“During a recent review of your PayPal account, we determined that it was appropriate to apply a reserve to your account effective in 24 hours. A collateral amount of $80,000.00 will be set aside from your current available balance. In addition, a rolling reserve will be set at 55% of the processed amount for each day, to be held for a 180 day rolling period.


For example, 55% of the payments you receive are held at the end of the first day and will be released 20/04/2016, 55% of your payments are held at the end of the second day and will be released on 18/10/2016, and so on.”

gizmoaniIt should go without saying that a delay of this length would destroy any hope that Gizmo 3D Printers would be able to meet their promised September ship dates. If those early dates are missed, then it would push the entire production back months. But it turns out that not having access to their funding could also end up dragging the entire company down with it. The company is currently working on obtaining a patent for its ultra-fast DLP 3D printing technology and is expected to pay $10,000 in less than a month. Without the funds that they raised on Indiegogo, it is unlikely that they will be able to make that payment.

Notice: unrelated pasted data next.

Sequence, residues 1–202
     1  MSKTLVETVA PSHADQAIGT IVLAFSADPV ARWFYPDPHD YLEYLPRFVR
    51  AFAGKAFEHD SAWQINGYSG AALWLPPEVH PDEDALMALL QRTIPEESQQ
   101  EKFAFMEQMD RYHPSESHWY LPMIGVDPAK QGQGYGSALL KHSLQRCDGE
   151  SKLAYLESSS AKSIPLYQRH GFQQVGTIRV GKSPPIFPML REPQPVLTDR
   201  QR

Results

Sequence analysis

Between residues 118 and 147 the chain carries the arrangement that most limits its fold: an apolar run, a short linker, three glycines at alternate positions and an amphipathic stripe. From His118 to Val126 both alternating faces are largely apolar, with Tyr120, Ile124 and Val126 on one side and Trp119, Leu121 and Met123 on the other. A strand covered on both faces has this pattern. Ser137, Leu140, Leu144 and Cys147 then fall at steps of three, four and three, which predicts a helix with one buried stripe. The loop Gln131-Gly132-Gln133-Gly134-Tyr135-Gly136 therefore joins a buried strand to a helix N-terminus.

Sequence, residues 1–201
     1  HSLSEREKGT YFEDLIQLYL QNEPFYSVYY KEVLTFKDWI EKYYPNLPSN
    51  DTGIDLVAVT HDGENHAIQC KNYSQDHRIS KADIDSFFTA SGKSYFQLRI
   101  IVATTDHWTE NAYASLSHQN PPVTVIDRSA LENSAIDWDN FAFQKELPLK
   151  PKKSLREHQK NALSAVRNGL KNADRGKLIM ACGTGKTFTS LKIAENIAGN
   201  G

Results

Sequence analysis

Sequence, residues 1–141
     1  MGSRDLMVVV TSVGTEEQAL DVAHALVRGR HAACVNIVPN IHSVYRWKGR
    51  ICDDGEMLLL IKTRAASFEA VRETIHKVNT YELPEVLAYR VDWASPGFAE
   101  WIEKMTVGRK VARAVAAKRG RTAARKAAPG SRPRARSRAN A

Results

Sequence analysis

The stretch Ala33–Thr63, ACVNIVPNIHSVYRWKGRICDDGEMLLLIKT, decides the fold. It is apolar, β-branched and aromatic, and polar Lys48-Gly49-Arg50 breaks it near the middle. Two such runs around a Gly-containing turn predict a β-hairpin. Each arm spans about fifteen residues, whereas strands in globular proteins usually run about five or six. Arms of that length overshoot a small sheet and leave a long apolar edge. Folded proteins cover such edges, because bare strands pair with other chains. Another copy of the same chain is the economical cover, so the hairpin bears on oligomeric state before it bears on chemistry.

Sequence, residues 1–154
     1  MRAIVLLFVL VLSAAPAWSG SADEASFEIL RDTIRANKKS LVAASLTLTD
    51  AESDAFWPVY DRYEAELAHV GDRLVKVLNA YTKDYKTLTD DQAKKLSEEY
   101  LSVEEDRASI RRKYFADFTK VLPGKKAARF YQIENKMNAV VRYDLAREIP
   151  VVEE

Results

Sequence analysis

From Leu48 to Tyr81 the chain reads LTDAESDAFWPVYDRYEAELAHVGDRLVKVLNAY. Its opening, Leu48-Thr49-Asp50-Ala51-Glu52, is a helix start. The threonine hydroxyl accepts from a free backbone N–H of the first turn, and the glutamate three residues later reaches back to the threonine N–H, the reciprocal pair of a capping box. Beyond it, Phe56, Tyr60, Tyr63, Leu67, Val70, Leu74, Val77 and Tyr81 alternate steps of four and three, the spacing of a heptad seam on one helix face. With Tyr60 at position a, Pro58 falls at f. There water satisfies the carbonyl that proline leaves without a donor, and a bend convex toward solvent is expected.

Naturally losing out on the ability to patent their technology would be devastating, especially if someone else swoops in and lays claim to all of the work that du Toit has done. The sad irony here is that the very reasons that PayPal gave Gizmo 3D Printers for freezing their account will most certainly happen thanks to PayPal freezing their account:

“Delivery Timeframe – (Extended length of your delivery timeframe).  


Overall processing volume – (There is a significant change in the level of payments your business is processing compared to your processing history).  


High risk business model – (There has been a change in your business model or your business model is considered high risk due to one, or a combination of the following (list is not all inclusive) – how and when items or service are delivered, item or service being sold, inventory management).”